Infection from Respiratory Syncytial Virus (RSV) resembles a cold but can become severe in young children, older adults, and immunocompromised patients. In the US, about 58,000 children are hospitalized annually, and between 100 and 500 deaths occur in children below five years. RSV was discovered in 1956, but the virus has evaded vaccines and burdened the health care system in the US. A severe RSV infection can result in pneumonia or bronchiolitis in at-risk individuals. In the 1960s, multiple clinical trials for RSV vaccines using the inactivated virus failed. The vaccine caused the inactive virus to stimulate the immune system abnormally, making subjects in the trial sicker when they encountered the virus. Eighty percent of children enrolled in the trials in these trials were hospitalized. The unfortunate failure of the trials stalled vaccine development and testing for decades for obvious reasons.
Decades later, scientists learned about the detailed structure of the RSV virus. Specifically, a protein called F protein on the viral surface they found changes its shape after viral entry into cells. RSV uses the F ‘prefusion’ protein to enter cells. Thus, producing antibodies against the F protein after it has changed shape is not effective at preventing infection. These ‘postfusion’ antibodies made after viral entry tend to worsen the situation by triggering the immune system and causing inflammation – the cause for failed clinical trials in the 60s. Identifying the structural differences between the prefusion and postfusion F protein was a turning point in the RSV vaccine story. Scientists Jason McLellan (at the University of Texas at Austin) and Barney Graham (at Morehouse School of Medicine) used X-ray crystallography to determine the structures of F protein in different conformations. They compared different structural conformations of the F protein to determine changes after fusing to the host cell. X-ray crystallography can provide atomic-level resolution of proteins. When a protein changes its shape or conformation during its function, the X-ray structure of the altered protein will also look different. Understanding this shift in protein conformation helped scientists identify the correct antigen conformation that could induce antibodies before the F protein facilitates virus entry. Vaccine design based on protein conformation has also been used for SARS-CoV-2 and in the development of the COVID vaccine by Moderna and Pfizer. Thanks to the advanced methods developed to determine protein structures, structure-based vaccine design is becoming more significant in vaccine development. For example, knowing the F protein conformation was a crucial piece in solving the puzzle of the RSV vaccine.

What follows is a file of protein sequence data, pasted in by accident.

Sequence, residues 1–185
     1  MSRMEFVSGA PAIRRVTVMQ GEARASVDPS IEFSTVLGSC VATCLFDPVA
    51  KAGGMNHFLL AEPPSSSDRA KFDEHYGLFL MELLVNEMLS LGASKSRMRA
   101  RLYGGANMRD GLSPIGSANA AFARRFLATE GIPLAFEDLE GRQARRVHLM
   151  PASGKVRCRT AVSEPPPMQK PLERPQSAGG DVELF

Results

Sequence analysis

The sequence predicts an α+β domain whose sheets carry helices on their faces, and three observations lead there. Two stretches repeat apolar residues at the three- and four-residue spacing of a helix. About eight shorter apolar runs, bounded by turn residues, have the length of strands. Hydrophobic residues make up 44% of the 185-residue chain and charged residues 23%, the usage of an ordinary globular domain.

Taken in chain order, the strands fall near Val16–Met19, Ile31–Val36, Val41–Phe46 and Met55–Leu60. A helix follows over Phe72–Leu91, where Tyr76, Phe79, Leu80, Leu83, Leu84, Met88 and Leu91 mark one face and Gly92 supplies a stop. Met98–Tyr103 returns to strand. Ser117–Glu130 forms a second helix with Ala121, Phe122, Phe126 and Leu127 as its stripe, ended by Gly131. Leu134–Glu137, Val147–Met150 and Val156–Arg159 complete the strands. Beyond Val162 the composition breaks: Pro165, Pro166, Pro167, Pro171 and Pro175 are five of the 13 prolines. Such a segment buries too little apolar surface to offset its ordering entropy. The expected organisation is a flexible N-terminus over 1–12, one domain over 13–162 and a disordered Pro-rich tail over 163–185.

The US FDA has now approved two RSV vaccines for 60 and older by Pfizer and GlaxoSmithKline. More vaccine trails for RSV are on the way awaiting FDA approval this year. Barney Graham, who has been studying RSV throughout his career and a key contributor to RSV vaccine development says says, “The first twenty years of my career were spent trying to understand why the RSV vaccine safety problem occurred back in the mid-sixties… So now, getting to this point where we think we can make a vaccine for RSV safely and now have the efficacy is very exciting.”
Sources: National Foundation for Infectious Diseases (nfid.org), Nature, The Scientist, Scientific American